Size 12 Adams?
And for the first half of the day, lake fishing lived up to my expectations. At one point, I actually dosed off–I awoke when a family of river otters started splashing nearby, and that, I figured, was the coolest thing that would happen to me this day.

But then something hit my streamer. Something big. And it pulled really hard. And then it was gone.

This lake had a pulse. And I started fishing like a physician might start working on a patient, knowing there's hope. And there was hope.

Minutes later, I saw the first rise, and while I wasn't so optimistic as to tie a dry fly to my tippet, I did cast to the rise ring. Two strips later, and I was hooked up. Two minutes later, I released a healthy 19-inch rainbow, all spots and dipped in sweet rosé.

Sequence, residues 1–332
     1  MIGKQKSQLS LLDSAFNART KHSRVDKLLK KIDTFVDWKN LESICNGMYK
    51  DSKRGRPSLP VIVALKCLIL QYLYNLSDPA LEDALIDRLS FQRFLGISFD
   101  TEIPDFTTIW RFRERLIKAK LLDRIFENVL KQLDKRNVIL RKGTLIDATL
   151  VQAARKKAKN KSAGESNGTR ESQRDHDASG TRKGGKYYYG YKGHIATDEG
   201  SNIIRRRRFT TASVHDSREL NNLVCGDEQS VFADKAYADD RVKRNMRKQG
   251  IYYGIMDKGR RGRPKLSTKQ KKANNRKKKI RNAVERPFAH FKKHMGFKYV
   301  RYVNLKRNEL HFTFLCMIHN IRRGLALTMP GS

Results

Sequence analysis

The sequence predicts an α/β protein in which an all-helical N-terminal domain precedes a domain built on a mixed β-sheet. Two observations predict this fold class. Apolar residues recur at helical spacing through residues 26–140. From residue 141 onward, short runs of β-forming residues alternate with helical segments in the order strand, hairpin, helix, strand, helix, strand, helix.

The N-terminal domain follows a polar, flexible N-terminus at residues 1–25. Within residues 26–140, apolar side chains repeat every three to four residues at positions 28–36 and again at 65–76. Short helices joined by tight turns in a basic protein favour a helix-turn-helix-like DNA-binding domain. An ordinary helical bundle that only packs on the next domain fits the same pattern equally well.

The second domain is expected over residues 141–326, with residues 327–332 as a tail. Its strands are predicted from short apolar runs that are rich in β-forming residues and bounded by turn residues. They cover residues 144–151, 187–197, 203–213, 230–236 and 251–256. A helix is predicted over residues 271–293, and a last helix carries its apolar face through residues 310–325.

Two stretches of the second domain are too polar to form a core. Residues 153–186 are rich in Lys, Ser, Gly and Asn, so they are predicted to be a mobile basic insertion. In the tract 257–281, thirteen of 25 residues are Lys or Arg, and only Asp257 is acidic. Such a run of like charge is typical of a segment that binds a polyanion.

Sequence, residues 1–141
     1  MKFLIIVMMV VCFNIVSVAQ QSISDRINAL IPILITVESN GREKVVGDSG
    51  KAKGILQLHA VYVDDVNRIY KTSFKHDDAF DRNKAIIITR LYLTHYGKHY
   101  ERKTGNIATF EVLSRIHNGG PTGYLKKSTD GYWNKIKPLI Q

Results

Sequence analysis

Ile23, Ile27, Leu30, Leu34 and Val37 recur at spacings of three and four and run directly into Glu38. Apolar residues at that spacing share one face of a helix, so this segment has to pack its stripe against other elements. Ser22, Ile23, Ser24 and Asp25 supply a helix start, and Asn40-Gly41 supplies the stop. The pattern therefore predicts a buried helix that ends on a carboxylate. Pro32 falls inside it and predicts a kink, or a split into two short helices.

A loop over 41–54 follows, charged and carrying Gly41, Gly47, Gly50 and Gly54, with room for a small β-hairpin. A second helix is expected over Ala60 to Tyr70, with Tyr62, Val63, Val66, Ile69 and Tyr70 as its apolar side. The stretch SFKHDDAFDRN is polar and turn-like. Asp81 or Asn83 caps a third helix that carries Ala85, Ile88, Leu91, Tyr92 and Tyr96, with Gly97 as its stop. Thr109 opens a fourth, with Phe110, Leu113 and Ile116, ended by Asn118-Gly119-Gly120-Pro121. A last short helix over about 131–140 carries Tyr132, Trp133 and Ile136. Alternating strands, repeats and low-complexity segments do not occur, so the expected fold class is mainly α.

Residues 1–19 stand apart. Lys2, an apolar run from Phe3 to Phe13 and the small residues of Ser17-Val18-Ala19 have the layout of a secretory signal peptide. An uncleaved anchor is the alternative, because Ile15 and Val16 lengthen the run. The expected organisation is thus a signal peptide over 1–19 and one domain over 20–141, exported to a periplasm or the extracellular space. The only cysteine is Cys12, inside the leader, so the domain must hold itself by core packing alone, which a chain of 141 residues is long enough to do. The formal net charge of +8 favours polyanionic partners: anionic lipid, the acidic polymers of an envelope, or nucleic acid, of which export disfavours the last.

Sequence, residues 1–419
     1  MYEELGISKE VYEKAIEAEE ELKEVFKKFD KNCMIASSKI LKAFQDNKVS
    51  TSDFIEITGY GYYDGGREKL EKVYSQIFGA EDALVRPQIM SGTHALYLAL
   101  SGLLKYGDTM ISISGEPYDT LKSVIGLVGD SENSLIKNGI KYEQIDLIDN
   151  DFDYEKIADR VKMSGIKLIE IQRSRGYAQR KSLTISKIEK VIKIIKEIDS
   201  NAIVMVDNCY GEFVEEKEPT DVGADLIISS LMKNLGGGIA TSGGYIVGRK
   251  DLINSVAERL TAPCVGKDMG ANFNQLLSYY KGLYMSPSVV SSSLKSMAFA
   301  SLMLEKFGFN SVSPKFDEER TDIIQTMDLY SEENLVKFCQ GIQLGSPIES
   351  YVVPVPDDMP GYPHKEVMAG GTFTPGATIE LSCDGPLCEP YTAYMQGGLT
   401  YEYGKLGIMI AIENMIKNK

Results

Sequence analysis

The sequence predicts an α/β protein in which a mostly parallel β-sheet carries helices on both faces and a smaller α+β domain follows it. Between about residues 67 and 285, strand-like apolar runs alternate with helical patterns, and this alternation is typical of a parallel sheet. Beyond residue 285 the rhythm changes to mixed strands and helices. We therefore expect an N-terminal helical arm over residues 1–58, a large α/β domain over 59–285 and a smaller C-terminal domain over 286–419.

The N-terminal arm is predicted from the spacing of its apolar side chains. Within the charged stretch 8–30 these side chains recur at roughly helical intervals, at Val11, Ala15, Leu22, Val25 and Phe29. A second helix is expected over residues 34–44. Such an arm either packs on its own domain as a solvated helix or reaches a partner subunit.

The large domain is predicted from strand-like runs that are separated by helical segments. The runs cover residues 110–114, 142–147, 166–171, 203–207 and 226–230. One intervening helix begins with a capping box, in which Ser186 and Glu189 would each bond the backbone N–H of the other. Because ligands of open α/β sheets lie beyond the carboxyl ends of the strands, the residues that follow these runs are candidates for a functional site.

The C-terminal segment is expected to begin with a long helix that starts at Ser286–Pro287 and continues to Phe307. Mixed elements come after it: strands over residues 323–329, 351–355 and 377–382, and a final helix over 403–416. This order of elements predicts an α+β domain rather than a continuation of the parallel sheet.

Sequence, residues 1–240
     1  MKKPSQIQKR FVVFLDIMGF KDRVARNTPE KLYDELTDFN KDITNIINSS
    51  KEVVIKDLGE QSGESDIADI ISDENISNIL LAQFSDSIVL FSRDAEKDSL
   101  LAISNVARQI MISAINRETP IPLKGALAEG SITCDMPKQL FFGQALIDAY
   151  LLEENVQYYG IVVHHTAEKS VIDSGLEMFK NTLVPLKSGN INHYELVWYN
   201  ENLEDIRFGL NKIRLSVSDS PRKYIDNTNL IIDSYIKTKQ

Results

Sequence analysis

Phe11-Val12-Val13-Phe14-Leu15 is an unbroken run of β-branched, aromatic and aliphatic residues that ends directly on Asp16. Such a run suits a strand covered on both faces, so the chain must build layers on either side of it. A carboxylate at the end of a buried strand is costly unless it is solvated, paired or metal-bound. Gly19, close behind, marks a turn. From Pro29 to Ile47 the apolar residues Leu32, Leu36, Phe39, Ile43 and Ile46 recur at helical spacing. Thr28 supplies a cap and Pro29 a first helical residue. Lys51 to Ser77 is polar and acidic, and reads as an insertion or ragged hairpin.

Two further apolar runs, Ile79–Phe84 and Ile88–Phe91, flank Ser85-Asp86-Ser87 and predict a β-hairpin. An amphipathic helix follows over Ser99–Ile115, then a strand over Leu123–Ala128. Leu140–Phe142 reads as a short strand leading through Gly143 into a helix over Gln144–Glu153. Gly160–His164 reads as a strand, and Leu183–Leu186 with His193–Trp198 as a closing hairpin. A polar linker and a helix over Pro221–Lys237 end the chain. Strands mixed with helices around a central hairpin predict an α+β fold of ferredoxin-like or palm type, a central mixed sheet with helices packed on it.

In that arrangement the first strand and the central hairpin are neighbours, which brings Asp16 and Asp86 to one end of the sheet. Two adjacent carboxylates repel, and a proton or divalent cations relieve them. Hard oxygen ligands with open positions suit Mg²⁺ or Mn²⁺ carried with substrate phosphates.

Then I began to fish with a purpose. I kicked over the to the bluff along the lake's western edge, figuring this is where the fish would congregate when the sun began to fade and the "evening hatch" would begin. The rises grew more frequent, more frantic. I'd see noses break the water, then dorsals and then tails. Big, beautiful tails.

I tied the dry on–a fluffy size 12 Adams. Big enough to see, and maybe a size bigger than the calibaetis spinners I was noticing on the lake's suddenly calm surface. A fish would rise. I'd guess which direction it was working, and I'd do my best to put my fly in its path.

And then the hook-up. Gulpers on still-water lakes feed with abandon. They're all about putting on weight, ingesting protein and then finding the next meal. Quickly. When they hit, it's a determined hit. The line goes tight with the hook set, and then all hell breaks loose.